Golf Course Architecture is meant to be stimulating, exciting, challenging, beautiful and unforgettable. Monty’s course at the Royal Golf Club has proven itself to be all these things under the most intense scrutiny. All of us involved with the creation of the course are intensely proud of our ‘baby’ and we’ll be taking stock in the coming months to see what we can do to make the course even better for our return as the season opening, Volvo Golf Champions in 2012.

Robin Hiseman

  • Surprise Day 2 Leaders:  It was irresistible!
  • The bonny 12th:  Mark Hooker prepared the course beautifully.
  • With the Champ:  Well played Paul!  A worthy and brave winner.

Time flies…

It hardly seems twelve weeks, let alone twelve months, since we were getting ready for Christmas 2009 but here we are again at the end of another year. As it has been for many, this has been a challenging year but, ultimately, a successful one. The highlight of the year unquestionably was the Ryder Cup at Celtic Manor. Having spent the past ten years watching Ross, Alex, Matt and Will work so hard on this, it was a huge thrill to see all their hard work finally be recognised. Despite the weather, the course challenged the best players in the world for four days and provided those lucky enough to be there some amazing viewing, even if it was a little muddy underfoot. Beyond that, we’ve been fortunate to sign a number of new projects which we’re very excited about – next year should see us working in some new countries, which always adds to the interest of a project. And construction should start on three or four sites over the coming year.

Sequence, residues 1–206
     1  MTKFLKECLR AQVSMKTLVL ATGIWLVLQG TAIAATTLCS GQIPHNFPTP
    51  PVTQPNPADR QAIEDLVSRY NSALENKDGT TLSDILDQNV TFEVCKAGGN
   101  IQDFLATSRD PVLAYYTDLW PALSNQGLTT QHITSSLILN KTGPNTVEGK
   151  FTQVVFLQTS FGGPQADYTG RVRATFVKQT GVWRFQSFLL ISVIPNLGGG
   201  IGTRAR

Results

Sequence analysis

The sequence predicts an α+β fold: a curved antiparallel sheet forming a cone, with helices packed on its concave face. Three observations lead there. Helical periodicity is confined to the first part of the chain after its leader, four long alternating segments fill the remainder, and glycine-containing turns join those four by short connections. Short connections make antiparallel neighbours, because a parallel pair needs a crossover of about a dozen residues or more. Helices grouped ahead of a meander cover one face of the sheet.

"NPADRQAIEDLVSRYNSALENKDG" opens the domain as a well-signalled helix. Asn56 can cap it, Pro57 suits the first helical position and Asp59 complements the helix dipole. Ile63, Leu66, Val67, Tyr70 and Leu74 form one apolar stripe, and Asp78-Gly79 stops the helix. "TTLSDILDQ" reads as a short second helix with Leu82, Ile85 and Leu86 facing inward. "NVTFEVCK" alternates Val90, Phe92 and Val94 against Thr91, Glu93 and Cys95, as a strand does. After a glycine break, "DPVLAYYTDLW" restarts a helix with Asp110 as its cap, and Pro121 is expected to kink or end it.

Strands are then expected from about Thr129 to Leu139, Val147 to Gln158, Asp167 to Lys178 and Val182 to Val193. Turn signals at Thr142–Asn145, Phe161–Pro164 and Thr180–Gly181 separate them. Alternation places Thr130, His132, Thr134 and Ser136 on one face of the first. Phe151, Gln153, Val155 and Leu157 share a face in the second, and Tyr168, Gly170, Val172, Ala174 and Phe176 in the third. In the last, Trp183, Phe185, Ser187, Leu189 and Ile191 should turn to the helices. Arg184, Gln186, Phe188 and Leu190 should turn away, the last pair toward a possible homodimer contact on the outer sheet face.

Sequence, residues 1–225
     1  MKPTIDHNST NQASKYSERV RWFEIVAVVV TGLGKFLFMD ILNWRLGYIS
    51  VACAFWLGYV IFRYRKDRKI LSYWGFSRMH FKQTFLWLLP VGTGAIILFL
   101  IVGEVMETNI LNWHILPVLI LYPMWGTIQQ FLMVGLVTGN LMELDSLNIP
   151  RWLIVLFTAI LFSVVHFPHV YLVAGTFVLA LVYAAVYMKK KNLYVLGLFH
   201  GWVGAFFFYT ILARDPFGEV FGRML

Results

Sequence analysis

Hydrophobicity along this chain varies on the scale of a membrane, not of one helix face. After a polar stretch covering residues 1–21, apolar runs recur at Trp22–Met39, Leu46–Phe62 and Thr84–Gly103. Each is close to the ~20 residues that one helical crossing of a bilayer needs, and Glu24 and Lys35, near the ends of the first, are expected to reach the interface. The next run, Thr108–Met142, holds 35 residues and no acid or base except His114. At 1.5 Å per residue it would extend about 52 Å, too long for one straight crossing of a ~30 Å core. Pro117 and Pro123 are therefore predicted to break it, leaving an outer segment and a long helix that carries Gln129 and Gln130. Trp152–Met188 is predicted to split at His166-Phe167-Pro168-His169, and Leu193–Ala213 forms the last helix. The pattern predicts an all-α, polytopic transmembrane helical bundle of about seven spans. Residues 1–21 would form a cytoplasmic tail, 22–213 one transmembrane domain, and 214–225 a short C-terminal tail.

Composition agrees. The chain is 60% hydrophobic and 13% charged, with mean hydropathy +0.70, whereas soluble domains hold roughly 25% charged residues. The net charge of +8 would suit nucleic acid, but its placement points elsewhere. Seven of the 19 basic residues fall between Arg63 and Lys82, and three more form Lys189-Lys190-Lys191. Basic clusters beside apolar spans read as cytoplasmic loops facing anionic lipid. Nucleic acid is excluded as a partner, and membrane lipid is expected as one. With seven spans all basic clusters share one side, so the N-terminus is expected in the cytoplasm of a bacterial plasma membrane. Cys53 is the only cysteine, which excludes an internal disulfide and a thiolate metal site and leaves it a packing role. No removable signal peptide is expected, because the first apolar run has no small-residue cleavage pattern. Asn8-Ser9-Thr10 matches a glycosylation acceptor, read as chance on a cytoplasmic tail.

Here are some of the highlights of the year from the rest of us:

Robin: Hosting the Ryder Cup committee’s site tour of our forthcoming golf course at Tres Cantos, which is the proposed venue for Madrid 2018.

Sarah: Arriving at the top of the hill down to the Twenty Ten Course at Celtic Manor on the Tuesday morning. The sun was shining over the valley and I thought WOW, how lucky to be part of this.

Dave: Seeing Ross have his first ever hole-in-one……pity it was his second ball, off a mat and to a temporary green! Hole halved in three.

Alex: Cycling from the office in Sunningdale to Celtic Manor the week of the Ryder Cup.

Gary: The highlight of my year was getting to attend the final day of the Ryder Cup at Celtic Manor to experience the electric atmosphere and dramatic finish as Europe were victorious again!

Shara: Standing overlooking the 16th green at Celtic Manor 2010 Ryder Cup – last few hours of play.
Atmosphere breathtaking.

Matt: Being lucky enough to be at Celtic Manor for the 2010 Ryder Cup and seeing my Site Map around the course and people actually finding it useful!

Ross: The last day of the Ryder Cup and a victory for Europe in the sunshine.

Stan: Having Mac, Alex’s Labrador, join us in the office

On behalf of everyone here, we wish you all a happy Christmas and a successful, healthy 2011.


Golf weekend at Celtic manor

It felt like just the other day we were all watching Europe regain the Ryder Cup at Celtic Manor (maybe the wet ground conditions had something to do it) but it was great to be back, and this time playing some golf!